Anyone living with back pain has most likely come across the terms “pinched nerve”, “bulging disc”, and “slipped disc”. These terms are often used interchangeably in reference to herniated discs and bulging discs, and even “herniated” and “bulging” are commonly used interchangeably. To make things more complicated, you might not be able to get a consistent definition for these terms among doctors. While these are all terms that are used to describe spinal disc issues and spine pain, they mean different things, and there’s a difference between bulging and herniated discs. But how can you tell what this difference is?
The Difference Between Bulging and Herniated Discs, Explained
The difference between bulging and herniated discs can be seen in how much of the spinal disc’s circumference extends out from where it should be. Most people, and even some doctors, believe that the difference between bulging and herniated discs depends on how far the disc extends out. While the wording of this difference sounds similar, these are two very different things.
You can remember the difference between a bulging and herniated disc this way: because a disc bulge is when more than 50% of a disc’s normal outer circumference extends outward, you can think of a bulged disc as a fat man with a large girth extending outward, all the way around his entire belt-line.
In comparison, a disc herniation is when less than 50% of a disc’s normal outer circumference extends outward. Think of a disc herniation as a pregnant woman whose focused area of her baby extends outward only on her front, making up less than 50% of her body’s girth.
How Are Bulging Discs Caused and How Can They Be Treated?
Bulging discs are commonly believed to be a result of age-related deterioration of spinal discs. This usually happens slowly over time, making a bulging disc is a degenerative condition. Symptoms also usually begin to set in gradually and slowly.
Bulging discs tend to cause pain that’s felt in the buttocks, legs, back, and can even affect your ability to walk. This condition also tends to affect more than one disc in the spine. Over time, bulging discs can also lead to other problems related to disc degeneration, such as lumbar stenosis.
Commonly recommended conservative treatments for bulging discs include:
- Anti-inflammatory medication
- Steroid injections
- Exercise programs designed with the help of a physical therapist
If the bulging disc causes severe enough symptoms, lumbar decompression surgery may even be recommended. This generally involves decompressing the spinal canal, but this procedure can vary between patients and their level of stenosis.
What Causes Herniated Discs and How Can They Be Treated?
It’s commonly believed that herniated discs are caused by an acute injury, which means that it happens quickly and suddenly. Because of this, herniated disc pain usually begins abruptly and will only affect one particular nerve root.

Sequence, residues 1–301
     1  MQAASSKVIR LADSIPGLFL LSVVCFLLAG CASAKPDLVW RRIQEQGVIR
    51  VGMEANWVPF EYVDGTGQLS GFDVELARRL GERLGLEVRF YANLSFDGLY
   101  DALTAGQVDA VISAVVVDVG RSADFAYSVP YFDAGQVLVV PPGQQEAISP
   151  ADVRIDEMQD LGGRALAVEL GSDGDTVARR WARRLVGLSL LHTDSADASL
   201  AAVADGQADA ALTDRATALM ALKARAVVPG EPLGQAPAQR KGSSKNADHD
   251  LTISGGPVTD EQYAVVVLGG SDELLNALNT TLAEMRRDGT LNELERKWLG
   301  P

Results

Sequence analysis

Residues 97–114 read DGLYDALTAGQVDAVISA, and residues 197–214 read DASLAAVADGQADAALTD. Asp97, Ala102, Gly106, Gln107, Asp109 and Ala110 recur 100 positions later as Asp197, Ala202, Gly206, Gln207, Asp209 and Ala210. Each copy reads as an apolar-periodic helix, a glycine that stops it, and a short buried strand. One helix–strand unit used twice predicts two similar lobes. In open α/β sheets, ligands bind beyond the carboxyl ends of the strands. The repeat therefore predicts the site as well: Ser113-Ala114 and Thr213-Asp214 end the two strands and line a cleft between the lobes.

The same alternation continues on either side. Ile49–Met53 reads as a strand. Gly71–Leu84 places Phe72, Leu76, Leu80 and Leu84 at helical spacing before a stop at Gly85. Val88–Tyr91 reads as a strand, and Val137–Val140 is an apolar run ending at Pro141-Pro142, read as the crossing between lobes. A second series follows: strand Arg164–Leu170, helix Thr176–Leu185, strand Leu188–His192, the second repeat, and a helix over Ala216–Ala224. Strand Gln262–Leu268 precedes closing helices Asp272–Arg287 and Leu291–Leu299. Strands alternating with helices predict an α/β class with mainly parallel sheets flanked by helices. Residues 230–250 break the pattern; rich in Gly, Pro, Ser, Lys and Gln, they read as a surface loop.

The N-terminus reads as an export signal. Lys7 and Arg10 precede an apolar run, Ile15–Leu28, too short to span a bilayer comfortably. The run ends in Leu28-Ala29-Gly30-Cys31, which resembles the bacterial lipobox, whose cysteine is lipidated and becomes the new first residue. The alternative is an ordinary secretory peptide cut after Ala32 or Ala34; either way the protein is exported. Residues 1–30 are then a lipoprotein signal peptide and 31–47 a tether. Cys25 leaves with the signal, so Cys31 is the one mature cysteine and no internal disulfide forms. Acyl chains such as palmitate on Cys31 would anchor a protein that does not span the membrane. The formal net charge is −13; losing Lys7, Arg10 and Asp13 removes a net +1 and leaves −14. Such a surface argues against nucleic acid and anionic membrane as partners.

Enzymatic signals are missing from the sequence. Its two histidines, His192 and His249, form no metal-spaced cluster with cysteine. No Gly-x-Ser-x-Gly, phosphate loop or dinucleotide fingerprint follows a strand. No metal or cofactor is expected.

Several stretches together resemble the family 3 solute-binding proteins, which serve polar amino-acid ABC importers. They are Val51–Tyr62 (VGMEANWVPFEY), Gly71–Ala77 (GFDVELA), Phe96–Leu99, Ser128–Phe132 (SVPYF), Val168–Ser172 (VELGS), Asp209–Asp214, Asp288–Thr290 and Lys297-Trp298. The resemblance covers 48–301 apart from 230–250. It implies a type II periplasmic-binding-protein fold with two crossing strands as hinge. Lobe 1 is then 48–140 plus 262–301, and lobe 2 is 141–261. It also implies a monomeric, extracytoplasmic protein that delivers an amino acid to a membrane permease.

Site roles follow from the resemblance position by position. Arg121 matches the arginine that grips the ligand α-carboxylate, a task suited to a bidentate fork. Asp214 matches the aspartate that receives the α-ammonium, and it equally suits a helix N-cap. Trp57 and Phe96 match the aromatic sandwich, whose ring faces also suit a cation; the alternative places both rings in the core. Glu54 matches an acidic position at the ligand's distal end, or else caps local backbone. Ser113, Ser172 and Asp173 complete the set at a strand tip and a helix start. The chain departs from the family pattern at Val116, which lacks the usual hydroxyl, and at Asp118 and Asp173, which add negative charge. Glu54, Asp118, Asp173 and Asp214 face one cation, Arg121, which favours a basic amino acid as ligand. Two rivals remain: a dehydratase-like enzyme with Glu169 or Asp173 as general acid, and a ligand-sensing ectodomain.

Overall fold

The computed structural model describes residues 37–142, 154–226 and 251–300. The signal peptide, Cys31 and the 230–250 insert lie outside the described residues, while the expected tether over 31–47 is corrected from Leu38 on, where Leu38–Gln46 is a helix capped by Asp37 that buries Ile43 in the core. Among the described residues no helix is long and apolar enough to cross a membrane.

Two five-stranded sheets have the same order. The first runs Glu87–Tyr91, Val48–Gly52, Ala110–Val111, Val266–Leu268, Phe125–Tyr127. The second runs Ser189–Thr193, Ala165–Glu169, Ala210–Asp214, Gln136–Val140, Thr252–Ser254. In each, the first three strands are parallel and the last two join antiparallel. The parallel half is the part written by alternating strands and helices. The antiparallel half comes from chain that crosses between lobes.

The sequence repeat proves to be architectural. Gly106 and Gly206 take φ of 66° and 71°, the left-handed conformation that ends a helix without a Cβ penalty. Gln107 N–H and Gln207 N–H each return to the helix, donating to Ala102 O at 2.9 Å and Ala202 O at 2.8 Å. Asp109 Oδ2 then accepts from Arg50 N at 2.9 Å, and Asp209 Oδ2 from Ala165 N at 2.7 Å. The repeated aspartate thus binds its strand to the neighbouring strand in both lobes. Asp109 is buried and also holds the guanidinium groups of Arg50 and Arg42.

The most common belief around herniated disc pain is that the symptoms caused by this issue are due to the herniated disc material physically pinching the nerve root. This is believed to cause radicular pain that radiates to other parts of the body, like leg pain caused by sciatica.
These are the commonly recommended options for herniated disc treatment if you’ve only experienced the symptoms for 6 weeks or fewer and don’t have nerve damage:
- Anti-inflammatory medications
- Physical therapy
- Steroid injections
If you fail to see relief from these options, microdiscectomy surgery may be recommended. This surgery alleviates pain by removing the pressure the disc is believed to be placing on the nerve root.
The Discseel® Procedure
However, while these are the most common beliefs around herniated discs, bulging discs, and their causes, this isn’t actually the case in most instances. Annular tears are the underlying cause of most spinal disc issues, including bulging and herniated discs. When annular tears develop in spinal discs, this can not only lead to herniated or bulging discs but also Leaky Disc Syndrome. Leaky Disc Syndrome occurs when the nucleus pulposus, located in the center of your spinal discs, leaks out and irritates surrounding nerve roots.
This leaking is what causes herniated disc and bulging disc pain, rather than the physical pinching of nerve roots, as is commonly believed. Unfortunately, the treatments listed such as anti-inflammatory medications, injections, physical therapy, and even surgery can’t treat annular tears. However, these tears can be treated by being sealed and healed, which is the goal of the Discseel® Procedure.
Apply for the Discseel® Procedure today to find out if you’re a candidate for this life-changing procedure!